Everything You Need to Know About Fulbright Creative and Performing Arts Awards

Jun 29, 2017

When applying for a Fulbright U.S. Student Award for Study/Research, it can be difficult to determine if your proposal is an “Academic” or “Creative and Performing Arts” project. While there are many similarities between academic and arts-related awards, there are several key differences that make it critical to understand which category your proposed project best fits. Fulbright Program staff recently recorded a webinar to help explain some commonly misunderstood aspects of the Creative and Performing Arts application process. Here are some of the top questions asked by applicants and their answers. Visit the Fulbright Webinar page to access the full recorded seminar on the 2018-19 Arts Awards.

1. How do I know if I should apply as a Creative and Performing Arts candidate?

When determining whether your project proposal is academic or artistic in nature, you should ask yourself whether or not the project hinges on your artistic abilities and background. Arts-related projects should develop your craft while interacting with a larger question. Academic projects can have artistic themes but don’t necessary depend on your abilities as an artist. For example, if you propose an independent study project on murals in Mexico where you’d be analyzing pieces and writing about art theory/history, you would apply as an academic candidate. If you proposed this same project but focused on learning local techniques and incorporating new skills into your personal murals/paintings, you would apply as an arts candidate.

2. Are there any different application components needed if applying for an Arts award?

When applying for a U.S. Student Program Study/Research award, you will have the option to select either “Academic” or “Creative and Performing Arts” as your award type. Creative and Performing Arts applicants are required to submit supplementary materials related to their field such as an artistic portfolio or previous work examples. Arts awards are accepted in the same countries and regions as academic study/research awards, although some countries haven’t had as many arts applicants in the past.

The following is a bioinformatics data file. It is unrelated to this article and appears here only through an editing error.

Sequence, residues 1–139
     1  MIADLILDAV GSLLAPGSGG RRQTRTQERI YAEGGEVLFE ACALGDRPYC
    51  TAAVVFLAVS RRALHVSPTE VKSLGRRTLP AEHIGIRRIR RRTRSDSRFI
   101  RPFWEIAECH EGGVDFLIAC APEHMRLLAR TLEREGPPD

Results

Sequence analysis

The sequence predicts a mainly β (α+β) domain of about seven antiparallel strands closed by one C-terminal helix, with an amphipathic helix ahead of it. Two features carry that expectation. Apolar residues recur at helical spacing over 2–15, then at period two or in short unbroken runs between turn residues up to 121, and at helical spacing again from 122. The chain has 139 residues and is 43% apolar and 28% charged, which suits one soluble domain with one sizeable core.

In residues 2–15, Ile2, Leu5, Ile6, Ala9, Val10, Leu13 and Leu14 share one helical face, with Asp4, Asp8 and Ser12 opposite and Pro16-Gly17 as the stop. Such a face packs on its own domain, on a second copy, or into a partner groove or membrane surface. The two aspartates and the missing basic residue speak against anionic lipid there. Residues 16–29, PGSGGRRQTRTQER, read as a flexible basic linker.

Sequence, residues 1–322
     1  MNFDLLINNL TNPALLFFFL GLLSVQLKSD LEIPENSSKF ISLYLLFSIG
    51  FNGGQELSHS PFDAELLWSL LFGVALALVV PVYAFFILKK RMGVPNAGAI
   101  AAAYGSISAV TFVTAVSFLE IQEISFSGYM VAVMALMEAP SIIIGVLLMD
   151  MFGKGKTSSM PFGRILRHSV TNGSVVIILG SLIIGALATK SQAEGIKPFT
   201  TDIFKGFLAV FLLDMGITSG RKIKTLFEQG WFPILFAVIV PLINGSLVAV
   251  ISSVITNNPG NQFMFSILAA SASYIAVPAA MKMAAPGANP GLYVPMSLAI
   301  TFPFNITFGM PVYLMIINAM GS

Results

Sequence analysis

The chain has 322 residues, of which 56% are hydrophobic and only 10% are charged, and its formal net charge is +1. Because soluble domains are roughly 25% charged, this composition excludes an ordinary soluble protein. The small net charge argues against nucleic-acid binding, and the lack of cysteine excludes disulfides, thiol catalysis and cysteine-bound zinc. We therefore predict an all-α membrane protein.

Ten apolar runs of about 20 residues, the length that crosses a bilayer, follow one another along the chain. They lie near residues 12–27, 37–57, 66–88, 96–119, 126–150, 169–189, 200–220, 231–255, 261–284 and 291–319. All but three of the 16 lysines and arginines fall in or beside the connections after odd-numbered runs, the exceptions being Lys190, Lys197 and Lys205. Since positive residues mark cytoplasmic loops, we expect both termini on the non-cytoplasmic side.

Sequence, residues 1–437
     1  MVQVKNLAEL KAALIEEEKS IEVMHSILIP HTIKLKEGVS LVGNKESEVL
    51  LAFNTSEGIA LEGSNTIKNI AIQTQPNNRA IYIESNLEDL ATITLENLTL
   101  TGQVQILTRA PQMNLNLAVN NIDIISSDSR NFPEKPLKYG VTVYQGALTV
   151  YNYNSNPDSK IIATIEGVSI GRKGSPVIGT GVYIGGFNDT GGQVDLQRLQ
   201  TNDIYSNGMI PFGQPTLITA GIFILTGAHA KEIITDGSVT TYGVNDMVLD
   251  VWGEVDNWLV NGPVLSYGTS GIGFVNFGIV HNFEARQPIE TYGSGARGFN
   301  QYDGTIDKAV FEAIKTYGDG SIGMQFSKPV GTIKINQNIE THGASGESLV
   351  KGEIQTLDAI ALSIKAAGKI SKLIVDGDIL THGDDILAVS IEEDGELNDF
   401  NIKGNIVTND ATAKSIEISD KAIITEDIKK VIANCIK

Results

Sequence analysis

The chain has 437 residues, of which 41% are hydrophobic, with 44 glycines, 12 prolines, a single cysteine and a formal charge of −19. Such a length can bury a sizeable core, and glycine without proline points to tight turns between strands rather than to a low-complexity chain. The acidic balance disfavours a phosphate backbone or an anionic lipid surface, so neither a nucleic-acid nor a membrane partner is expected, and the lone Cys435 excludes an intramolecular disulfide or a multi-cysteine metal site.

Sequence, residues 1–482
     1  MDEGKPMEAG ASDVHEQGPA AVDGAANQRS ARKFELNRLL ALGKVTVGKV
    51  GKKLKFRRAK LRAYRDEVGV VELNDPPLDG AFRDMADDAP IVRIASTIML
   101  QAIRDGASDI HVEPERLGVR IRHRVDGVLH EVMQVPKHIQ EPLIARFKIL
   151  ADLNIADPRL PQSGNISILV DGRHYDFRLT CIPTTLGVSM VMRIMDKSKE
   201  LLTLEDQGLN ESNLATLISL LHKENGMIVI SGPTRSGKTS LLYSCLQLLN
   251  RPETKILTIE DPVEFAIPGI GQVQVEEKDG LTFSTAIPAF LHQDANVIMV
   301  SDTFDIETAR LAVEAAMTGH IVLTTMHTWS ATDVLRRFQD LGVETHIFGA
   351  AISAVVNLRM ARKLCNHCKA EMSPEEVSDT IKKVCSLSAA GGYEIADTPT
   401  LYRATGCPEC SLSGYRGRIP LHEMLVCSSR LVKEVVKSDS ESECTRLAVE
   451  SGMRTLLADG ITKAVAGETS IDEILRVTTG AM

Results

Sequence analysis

3. Are arts-related Fulbright applications generally successful?

There is no definitive answer regarding the overall success rate of arts applications, although Fulbright has had a growing interest in supporting arts candidates. The number of arts applicants has decreased in the last few years. Even if a country hasn’t supported any arts applicants in the past, it might not be because that country isn’t interested in the arts; some countries might not have previously received strong arts applications.

 4. Are there any countries or regions that specifically need more arts-related candidates?

Yes! Many regions see a surplus of academic study/research applicants or English Teaching Assistant applicants. The East Asia/Pacific region is specifically looking for more arts-related study/research applicants.

5. If I’m applying for a Study/Research award for a graduate program abroad, how do I know if I might be considered an arts candidate?